Sadly, there’s a slew of technical issues that plague this title. Since this is a Windows 10 Store game, there is a lack of customization and support for the game. Owners of SLI and Crossfire setups are simply not able to take advantage of their added power as the game simply does not support SLI currently and there isn’t any word on if and when this will happen. You aren’t also able to take advantage of overlays such as Rivatuner / MSI Afterburner or FRAPS, which means you can’t track the framerate. This is a huge issue, especially for those who aren’t using the top of the line video cards and instead are using to medium class cards in a dual card configuration for double the power. If you’re one of those gamers stuck between the war of AMD and Nvidia in regards to G-Sync and FreeSync enable monitors, you’re also going to take a hit as G-Sync is not supported in Gears of War: Ultimate Edition at all. I also would have preferred an unlocked framerate, for those who have the power to take it beyond 60 frames per second.
Update: Rod Fergusson has stated that SLI/Crossfire support, as well as widescreen support, is being worked on.
— Rod Fergusson (@GearsViking) March 4, 2016
In addition, since this handled via the Windows 10 store, this means you don’t have direct access to the game’s executable file, meaning that you aren’t able to use any sort of graphical injectors such as SweetFX Shader. Sadly this also means that modding the game, a feature that the PC is known for in countless games, is off the table as well.
And while I haven’t encountered this as I run Nvidia cards in all my PCs, it seems that there is an issue with AMD powered graphic cards and getting this game to run at an acceptable framerate. It does seem to look like Coalition, the team behind the port, are addressing this issue and has made multiple statements about this issue and others in a forum post that can be found here.
Lastly and this is perhaps a deal breaker for a many co-op couch gamers, is the fact that the local split-screen option that was present in the Xbox One version has been removed. I don’t know if it was a technical reason or if it was seen as Microsoft is holding on to an old and outdated stigma that PC gamers only play at their desks when it comes to PC games. In fact, one of the main draws for Gears of War: Ultimate Edition on the Xbox One was the split-screen ability. There’s a huge number of PC games that are strictly local co-op and I’ve played a large amount of them with friends and family, in the comfort of my mancave while chilling on my couch, playing them on a 55 inch HDTV. And those are easily some of the best gaming I’ve ever had, so it’s pretty sad to see that this option didn’t make it to the PC version.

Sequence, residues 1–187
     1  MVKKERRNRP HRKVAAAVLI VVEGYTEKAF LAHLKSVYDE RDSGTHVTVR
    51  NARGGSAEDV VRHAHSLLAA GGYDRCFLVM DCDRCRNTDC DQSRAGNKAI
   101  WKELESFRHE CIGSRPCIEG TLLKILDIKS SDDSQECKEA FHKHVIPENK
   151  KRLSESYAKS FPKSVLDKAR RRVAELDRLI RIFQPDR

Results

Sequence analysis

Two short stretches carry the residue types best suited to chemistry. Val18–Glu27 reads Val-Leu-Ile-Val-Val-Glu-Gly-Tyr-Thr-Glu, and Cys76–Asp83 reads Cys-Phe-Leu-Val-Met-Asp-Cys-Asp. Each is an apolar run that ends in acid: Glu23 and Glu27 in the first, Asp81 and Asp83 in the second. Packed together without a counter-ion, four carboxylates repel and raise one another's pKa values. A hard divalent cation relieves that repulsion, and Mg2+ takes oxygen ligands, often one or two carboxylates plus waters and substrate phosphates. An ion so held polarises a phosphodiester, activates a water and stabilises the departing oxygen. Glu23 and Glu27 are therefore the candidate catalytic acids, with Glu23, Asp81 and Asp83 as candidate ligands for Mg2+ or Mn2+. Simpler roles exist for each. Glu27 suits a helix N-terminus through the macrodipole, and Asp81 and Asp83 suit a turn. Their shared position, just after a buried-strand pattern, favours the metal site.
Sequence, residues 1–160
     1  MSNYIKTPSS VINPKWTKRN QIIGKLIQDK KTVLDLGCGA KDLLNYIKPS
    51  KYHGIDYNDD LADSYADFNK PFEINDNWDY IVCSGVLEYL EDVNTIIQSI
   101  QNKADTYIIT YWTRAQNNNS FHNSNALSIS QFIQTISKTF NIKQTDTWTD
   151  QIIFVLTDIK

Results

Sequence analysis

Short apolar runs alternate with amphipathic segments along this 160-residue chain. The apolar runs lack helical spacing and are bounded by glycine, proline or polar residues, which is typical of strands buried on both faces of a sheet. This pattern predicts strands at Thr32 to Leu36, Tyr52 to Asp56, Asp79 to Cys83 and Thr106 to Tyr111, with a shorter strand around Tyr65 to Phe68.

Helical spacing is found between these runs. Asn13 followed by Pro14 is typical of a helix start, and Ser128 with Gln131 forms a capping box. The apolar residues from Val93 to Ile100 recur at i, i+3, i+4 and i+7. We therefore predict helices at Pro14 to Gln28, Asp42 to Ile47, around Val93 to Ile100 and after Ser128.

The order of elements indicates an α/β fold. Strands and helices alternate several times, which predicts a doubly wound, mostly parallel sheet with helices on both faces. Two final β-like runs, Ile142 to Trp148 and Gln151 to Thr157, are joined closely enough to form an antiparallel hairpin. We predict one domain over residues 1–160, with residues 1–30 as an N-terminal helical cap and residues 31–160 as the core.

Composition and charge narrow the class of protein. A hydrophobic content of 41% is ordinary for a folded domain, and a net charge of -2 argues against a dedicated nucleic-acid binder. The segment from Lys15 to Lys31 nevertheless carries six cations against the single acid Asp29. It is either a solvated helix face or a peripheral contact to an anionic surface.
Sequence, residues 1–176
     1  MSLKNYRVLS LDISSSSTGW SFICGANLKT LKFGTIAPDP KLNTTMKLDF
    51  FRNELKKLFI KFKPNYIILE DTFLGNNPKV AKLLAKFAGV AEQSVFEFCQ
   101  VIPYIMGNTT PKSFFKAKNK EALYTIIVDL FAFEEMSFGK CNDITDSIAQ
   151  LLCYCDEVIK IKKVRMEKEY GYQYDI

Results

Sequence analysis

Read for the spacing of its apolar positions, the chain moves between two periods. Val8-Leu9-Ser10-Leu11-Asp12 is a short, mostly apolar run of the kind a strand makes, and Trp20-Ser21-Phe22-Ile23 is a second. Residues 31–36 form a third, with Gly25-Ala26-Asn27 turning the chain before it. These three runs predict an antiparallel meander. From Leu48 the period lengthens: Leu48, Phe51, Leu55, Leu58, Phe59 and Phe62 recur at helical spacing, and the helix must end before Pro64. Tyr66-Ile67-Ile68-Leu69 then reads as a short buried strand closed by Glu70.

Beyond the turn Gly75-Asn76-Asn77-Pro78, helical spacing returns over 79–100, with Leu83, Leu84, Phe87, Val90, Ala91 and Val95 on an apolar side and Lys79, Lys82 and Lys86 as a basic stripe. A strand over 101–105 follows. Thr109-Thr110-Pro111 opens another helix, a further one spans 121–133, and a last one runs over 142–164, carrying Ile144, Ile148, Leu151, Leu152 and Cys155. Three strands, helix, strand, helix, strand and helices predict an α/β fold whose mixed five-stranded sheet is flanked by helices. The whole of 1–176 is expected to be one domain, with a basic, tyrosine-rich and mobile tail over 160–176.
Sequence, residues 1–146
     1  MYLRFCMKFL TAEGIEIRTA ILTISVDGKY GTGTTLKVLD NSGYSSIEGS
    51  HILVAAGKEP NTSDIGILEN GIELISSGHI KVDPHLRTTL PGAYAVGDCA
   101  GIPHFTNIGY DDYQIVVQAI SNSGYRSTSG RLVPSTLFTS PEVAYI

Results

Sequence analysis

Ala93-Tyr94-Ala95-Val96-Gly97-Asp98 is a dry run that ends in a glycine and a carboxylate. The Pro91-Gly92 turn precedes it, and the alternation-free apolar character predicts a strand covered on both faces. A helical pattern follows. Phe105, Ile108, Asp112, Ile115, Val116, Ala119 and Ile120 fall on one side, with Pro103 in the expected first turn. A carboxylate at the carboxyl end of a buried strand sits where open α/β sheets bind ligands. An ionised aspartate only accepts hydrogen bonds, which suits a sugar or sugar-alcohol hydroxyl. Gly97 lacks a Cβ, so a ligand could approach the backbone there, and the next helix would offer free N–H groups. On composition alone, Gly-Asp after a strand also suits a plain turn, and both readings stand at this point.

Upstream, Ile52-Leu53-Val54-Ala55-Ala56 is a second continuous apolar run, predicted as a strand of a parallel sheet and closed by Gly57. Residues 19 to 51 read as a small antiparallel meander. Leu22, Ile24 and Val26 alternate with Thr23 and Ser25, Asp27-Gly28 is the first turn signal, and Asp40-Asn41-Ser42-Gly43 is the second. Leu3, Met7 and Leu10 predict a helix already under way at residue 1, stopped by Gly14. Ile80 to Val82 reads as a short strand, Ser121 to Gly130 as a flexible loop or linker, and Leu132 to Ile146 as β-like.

This review was conducted on two different gaming PC’s equipped with a GTX 980 Ti, i7-5820k and 16GB DDR4 RAM, and a Xeon E3-1231 v3, GTX 970,and 16GB DDR3 RAM. Your game performance may vary from what described in our review.
Gears of War: Ultimate Edition PC
All in all, I’m happy that the port came out as well as it did, as to be honestly I wasn’t sure what to expect. It also worried me that there wasn’t any advertising for this game at all, and while that seems to be the norm for strictly PC games with minor exceptions, I feel that’s a missed mark for Microsoft. PC gamers are still gamers and we like to see the full support of the company is pushing this game, so seeing a TV commercial or two, or even on YouTube would have been nice to see. Hopefully, this all has been a test run for the main course, which would be a port of Gears of War 4 for the PC platform as well. At least one can hope that this is exactly what it is.
- Easily the best looking Gears of War title today
- 60 FPS is a thing of beauty to behold
- 1080p & 4K support
- No split-screen or cross-play support
- Locked 60 fps and no widescreen or SLI/Crossfire support (yet)
- Technical issues that introduce stuttering
- AMD card owners are still expecting a huge drop in performance